In 1941, Hinds flew combat missions in their original role as light bombers against Axis forces - South African Hinds were employed against Italian forces in Kenya, during the East African Campaign and Yugoslav Hinds were used against the Germans and Italians
Iranian Hinds were used briefly against Allied forces during the Anglo-Soviet invasion of Iran. The Imperial Iranian Air Forces's bases were subsequently occupied by the Allies and their aircraft were either destroyed or dismantled by the invading British.
- Hind Mk I
- Two-seat light bomber aircraft for the RAF, powered by a 477 kW (640 hp) Rolls-Royce Kestrel piston engine.
- Afghan Hind
- Similar to the Hind Mk I, four aircraft fitted with Rolls-Royce Kestrel V engines, plus another four aircraft fitted with Kestrel UDR engines; eight built for Afghanistan.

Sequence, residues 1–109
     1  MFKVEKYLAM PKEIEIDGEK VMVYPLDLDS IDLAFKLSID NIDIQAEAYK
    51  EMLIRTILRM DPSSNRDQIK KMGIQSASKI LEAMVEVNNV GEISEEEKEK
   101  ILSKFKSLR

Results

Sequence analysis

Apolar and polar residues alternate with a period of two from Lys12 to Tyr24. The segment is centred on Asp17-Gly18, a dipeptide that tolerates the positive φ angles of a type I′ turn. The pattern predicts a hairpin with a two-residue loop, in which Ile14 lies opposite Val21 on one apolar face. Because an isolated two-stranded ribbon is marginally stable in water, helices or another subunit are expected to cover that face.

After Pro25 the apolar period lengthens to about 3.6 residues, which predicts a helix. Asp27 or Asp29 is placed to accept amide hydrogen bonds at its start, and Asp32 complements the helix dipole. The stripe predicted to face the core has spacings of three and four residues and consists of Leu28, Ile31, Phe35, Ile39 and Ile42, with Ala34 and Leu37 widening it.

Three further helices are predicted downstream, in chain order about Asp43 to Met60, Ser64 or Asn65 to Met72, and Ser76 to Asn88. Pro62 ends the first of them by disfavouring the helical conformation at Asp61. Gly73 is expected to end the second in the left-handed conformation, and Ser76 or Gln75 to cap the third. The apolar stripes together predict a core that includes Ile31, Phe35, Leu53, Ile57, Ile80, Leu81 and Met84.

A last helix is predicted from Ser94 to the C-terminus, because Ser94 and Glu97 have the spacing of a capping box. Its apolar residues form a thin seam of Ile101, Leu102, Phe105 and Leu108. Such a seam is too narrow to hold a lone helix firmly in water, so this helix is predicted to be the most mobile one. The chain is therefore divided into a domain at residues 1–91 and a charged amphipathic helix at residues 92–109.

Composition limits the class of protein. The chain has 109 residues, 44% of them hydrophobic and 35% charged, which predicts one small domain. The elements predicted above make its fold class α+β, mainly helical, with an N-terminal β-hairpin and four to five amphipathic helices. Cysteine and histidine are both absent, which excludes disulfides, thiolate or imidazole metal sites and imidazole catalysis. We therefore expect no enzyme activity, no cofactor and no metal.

- Latvian Hind
- Two-seat training aircraft, powered by a Bristol Mercury IX radial piston engine; three built for Latvia.
- Persian Hind
- Modified version of the Hind Mk I, powered by a Bristol Mercury VIII radial piston engine; 35 built for Persia.
- Portuguese Hind
- Similar to the Hind Mk I, two aircraft built as bombers, two aircraft built as trainers; four built for Portugal.
- Swiss Hind
- Two-seat unarmed communications aircraft; one built for Switzerland.
- Yugoslav Hind
- Modified version of the Hind Mk I, two aircraft fitted with Rolls-Royce Kestrel XVI piston engines, one aircraft fitted with a Gnome-Rhone Mistral engine; three built for Yugoslavia.
- Afghan Air Force acquired 28 aircraft in 1938, the final example retiring in 1957.
- Royal New Zealand Air Force acquired 78 aircraft of which 63 entered service, primarily as trainers 1940-1943. The other 15 were lost to enemy action in transit.